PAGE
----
Moo-ving on from Gypsy Day
The sound of hooves hitting the highway could become fainter as red tape and biosecurity concerns reshape the dairy industry’s traditional Gypsy Day.
Every year, hundreds of the country’s farmers up sticks on or around June 1 – the first day of the dairy season – moving their families, animals and businesses from farm to farm.
But how they went about it had been changing, and the arrival of the cattle disease Mycoplasma bovis had made farmers cautious, said Federated Farmers Taranaki president Donald McIntyre.
The Ministry for Primary Industries (MPI) is beefing up compliance with spot checks, and is backed up by staff of Ospri, the agency that manages the animal tracing system Nait.
MPI’s manager of compliance investigations, Gary Orr, said he was pleased to see a rising level of understanding of Nait in recent months as a result of the Mycoplasma bovis incursion.
‘‘The operation is being done at various locations throughout New Zealand through random stops of transport vehicles to check animal movements and Nait compliance.
‘‘This is part of a continuation of the activity which started some weeks ago, called Operation Cook Strait, where we ran checks on cattle crossing from the South Island to the North Island.’’
McIntyre said farmers’ caution came mostly down to convenience.
‘‘These days there are a lot of things to tick off for health and safety and other regulations and it becomes a hassle.’’
This season there was the added concern of the cattle disease, which has been found on 44 farms.
The bacterial disease is spread from animal to animal by close contact and bodily fluids such as mucus. ‘‘There is the risk of spreading disease when cattle are walking and grazing on road frontages – they all want to say hello as they’re passing,’’ McIntyre said. Matthew Herbert
For South Taranaki farmer Matthew Herbert, the excitement of his first sharemilking job was tempered by concern over M bovis.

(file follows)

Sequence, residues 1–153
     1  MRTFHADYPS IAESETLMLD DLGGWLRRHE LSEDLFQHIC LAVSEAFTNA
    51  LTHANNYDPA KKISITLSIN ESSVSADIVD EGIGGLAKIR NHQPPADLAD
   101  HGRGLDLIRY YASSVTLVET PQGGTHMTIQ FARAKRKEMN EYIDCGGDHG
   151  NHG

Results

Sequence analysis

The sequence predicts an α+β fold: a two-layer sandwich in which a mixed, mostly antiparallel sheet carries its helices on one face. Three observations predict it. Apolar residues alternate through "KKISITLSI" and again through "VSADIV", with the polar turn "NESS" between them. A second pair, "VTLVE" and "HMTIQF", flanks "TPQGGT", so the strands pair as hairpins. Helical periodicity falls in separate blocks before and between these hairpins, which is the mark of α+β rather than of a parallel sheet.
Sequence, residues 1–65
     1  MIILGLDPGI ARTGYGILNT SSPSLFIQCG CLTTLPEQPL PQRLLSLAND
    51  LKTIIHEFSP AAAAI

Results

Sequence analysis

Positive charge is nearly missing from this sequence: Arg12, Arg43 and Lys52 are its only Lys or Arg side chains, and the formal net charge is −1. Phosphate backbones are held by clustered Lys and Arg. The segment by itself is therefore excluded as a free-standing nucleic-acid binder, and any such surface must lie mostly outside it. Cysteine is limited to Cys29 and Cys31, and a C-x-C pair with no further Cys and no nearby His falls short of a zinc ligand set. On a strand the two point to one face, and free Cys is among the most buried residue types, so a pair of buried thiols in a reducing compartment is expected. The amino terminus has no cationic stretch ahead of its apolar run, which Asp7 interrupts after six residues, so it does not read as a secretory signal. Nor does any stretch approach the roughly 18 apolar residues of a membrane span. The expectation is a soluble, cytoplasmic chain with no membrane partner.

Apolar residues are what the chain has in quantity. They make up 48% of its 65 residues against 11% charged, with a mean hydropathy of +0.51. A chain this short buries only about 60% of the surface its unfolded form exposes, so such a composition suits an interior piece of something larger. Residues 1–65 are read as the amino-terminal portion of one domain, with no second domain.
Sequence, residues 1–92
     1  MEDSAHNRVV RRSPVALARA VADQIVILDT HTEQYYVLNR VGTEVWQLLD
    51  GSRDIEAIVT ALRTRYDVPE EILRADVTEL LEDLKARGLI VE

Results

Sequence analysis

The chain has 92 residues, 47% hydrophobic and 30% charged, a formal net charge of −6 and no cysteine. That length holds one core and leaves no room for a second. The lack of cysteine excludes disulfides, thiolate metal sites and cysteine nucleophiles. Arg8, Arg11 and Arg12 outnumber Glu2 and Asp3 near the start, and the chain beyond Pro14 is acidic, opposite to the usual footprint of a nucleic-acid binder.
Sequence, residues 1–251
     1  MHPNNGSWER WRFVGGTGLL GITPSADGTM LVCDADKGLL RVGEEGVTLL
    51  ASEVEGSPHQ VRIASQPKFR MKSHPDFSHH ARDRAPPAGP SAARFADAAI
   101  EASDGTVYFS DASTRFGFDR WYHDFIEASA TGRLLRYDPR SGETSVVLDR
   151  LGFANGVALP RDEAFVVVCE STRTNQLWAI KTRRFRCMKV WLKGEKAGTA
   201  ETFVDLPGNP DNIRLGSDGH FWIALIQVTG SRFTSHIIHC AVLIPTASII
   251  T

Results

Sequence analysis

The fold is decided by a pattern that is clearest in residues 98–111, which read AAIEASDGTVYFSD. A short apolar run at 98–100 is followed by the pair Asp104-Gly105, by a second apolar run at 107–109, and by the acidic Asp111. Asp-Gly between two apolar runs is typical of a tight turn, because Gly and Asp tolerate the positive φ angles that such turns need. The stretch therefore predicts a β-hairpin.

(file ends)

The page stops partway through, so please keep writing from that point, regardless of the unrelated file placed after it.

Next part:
‘‘We’re pretty excited to be taking on our first job at a time when a lot of sharemilking jobs are disappearing and it’s getting harder to find a good one,’’ he said.
‘‘But for a sharemilker, your herd is your biggest asset – it can be the only real asset for a lot of people – so to know in the back of your mind that one day it could be there and the next it could be on the back of a truck, heading off to get culled, that’s hard.’’
Herbert and his partner had built a herd of 210 cows, all of which would be trucked to their new home near Manaia. They had done their best to ensure their cattle weren’t at risk of getting or spreading disease.
‘‘We checked the M bovis status of all the animals and tried to buy from reasonably closed herds,’’ he said. ‘‘There’s always a risk when you’re bringing different groups of animals together but you try to minimise that risk with who and where you buy from.’’
Yesterday, Mid-Canterbury dairy farmer Will Grayling was moving a herd of 270 cows by road to winter grazing on a neighbour’s farm. This was just one of several herd movements over a week as 3300 cows on two farms are walked about six kilometres to specialist winter feed crops.
‘‘It is one of four different properties we move cows to, all within a similar distance.’’
Cows are away for 50 days, before returning to the dairy farm just before calving.
Grayling and his wife Kim are equity partners in Singletree Dairies, near Ashburton, with DairyNZ chairman and former Fonterra director Jim van der Poel the other main shareholder.
‘‘We won’t be the only one on the road but we work in together to let people know. A little bit of communication goes a long way.
‘‘If there are cows bounding the road, we will put in a single-wire electric fence to separate cows by a metre or two. This is to avoid cows’ noses touching.
‘‘Luckily, with cows, it’s easy enough to put up a single wire to keep them apart. So there is more awareness of keeping herds apart, rather than cows sniffing each other through the fence,’’ Grayling said.
As Singletree Dairies had such a big herd, it was not having to share winter grazing blocks with other dairy farmers.
‘‘With Mycoplasma bovis, people are more aware of the importance of recording animal movements, whereas in the past it was probably viewed as compliance,’’ said Grayling, who won the national Young Farmer Of The Year in 2011.
While his cows were only moving to winter grazing, the Mycoplasma bovis outbreak meant there was a lot more angst among people moving dairy farms.
‘‘One of our managers is moving to a sharemilking role on June 1 and has had to purchase cows from different herds and check their animal-health status. It’s a big investment and a lot bigger thing for him to deal with than us just walking cows around the district.’’
MPI said it was important to note that cattle movements would continue for some weeks.